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A quick guide to communication

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As your child grows, it will be important to use good communication with them, and with the deaf adults you meet. The following tips for good communication can be used with deaf children, young people and adults who use either speech or sign language (such as Auslan) and with those children who use a combination of both speech and signing.

  • Make sure that you have your child’s attention before starting a conversation.
  • Make sure you are facing your child and maintaining good eye contact. Try to be on the same level as them and allow some space for signing or lip-reading. (So, keep a distance of about one to two metres between you and your child).
  • Use a well-lit room and don’t have your back to a window, as this creates a shadow and makes it difficult to read facial expressions or lip-read.
  • Speak clearly, naturally and at a normal pace. Don’t shout, as it can appear to your child that you are angry and it also distorts lip patterns.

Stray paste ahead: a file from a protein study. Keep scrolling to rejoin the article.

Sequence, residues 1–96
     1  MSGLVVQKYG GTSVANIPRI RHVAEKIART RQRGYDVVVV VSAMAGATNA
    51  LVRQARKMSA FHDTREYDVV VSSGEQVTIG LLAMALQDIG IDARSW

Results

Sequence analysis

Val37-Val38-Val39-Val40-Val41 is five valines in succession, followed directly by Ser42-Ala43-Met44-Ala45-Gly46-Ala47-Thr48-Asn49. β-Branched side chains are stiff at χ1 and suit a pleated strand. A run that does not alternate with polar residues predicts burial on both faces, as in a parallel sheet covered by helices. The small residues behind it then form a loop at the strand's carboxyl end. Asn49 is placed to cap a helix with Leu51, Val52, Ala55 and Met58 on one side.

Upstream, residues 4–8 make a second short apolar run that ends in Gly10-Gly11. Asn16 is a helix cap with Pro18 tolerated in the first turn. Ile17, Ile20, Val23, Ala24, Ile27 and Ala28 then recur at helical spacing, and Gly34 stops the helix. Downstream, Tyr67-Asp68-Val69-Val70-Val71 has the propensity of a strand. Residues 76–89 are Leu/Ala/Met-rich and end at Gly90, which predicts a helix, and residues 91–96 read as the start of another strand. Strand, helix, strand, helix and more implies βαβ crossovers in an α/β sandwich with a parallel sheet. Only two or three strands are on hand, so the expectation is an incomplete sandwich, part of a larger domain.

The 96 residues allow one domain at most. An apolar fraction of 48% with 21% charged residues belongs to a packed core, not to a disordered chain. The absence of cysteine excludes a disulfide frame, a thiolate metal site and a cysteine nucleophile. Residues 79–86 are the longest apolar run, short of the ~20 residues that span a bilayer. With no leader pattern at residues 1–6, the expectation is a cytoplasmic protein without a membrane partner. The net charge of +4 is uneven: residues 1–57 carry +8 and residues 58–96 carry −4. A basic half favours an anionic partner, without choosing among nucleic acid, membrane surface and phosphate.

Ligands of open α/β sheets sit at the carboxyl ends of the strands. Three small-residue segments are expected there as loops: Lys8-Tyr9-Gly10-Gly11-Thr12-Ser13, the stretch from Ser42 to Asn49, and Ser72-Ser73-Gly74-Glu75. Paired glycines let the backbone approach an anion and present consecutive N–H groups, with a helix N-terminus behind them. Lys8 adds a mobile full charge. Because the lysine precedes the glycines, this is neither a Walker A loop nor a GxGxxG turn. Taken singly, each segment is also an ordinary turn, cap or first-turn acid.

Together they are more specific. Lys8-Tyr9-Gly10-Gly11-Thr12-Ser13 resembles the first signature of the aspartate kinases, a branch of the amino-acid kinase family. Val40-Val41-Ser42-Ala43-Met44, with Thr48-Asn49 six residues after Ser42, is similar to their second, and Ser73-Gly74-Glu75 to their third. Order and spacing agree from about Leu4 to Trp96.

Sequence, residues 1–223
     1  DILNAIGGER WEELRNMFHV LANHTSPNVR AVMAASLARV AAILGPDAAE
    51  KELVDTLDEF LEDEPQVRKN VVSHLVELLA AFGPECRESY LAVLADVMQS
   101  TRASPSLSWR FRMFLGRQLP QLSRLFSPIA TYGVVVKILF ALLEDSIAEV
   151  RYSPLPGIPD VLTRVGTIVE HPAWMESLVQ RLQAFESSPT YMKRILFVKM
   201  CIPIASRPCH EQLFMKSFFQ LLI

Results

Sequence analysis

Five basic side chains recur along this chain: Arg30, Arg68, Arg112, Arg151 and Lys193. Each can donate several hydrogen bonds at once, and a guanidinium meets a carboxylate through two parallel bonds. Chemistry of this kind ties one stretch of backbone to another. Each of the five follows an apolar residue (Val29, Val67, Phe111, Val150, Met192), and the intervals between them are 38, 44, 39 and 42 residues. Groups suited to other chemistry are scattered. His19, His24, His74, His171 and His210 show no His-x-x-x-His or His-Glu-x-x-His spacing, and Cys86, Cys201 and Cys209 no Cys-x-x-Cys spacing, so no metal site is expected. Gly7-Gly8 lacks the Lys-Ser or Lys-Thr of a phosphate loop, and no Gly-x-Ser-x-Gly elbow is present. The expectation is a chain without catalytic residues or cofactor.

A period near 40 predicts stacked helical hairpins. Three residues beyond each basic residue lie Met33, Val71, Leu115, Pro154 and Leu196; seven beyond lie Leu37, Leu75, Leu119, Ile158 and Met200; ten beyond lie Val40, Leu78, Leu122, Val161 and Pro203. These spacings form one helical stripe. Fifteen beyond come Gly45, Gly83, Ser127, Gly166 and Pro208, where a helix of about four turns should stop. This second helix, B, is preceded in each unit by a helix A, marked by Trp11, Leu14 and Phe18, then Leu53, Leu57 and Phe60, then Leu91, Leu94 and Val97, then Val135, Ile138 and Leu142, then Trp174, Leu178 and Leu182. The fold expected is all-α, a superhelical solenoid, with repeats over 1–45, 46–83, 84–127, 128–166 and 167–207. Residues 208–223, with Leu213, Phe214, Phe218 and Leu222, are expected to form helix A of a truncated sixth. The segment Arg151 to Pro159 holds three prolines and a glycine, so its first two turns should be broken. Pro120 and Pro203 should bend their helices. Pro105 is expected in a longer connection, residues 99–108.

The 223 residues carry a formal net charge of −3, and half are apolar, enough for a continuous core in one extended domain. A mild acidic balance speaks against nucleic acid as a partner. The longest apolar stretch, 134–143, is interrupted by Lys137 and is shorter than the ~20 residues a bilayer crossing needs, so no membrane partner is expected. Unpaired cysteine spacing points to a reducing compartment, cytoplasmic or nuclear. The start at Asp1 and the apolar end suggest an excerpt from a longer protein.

•  Try to make sure that background noise is kept to a minimum. Children with hearing aids, cochlear implants or those children with mild or unilateral deafness who do not use hearing aids may find it particularly difficult to pick out what is being said. A room that is carpeted or curtained will help to cut down the effects of noise in a room.
  • If your child does not use sign language, it is still helpful to use your hands and facial expressions to gesture and support what you are saying.
  • Don’t eat, smoke, or block the view of your face while you are speaking. If you have a beard or moustache, keep it trimmed. Also remember that glasses and sunglasses can make it difficult to maintain eye contact.
  • When in a group, speak one at a time. It is helpful if the speaker raises their hand before talking so that your child knows who is speaking.
  • Make sure you let your child know when there is a new topic of conversation.
  • If a word or sign is not easily understood, use a more common word or sign with the same meaning. Be wary of using unusual words.
  • Pause between sentences and check that your child has understood you, and that you have understood them.  Encourage them to stop you if they don’t understand what the conversation is about.

Information supplied by The National Deaf Children’s Society. Reproduced with permission.
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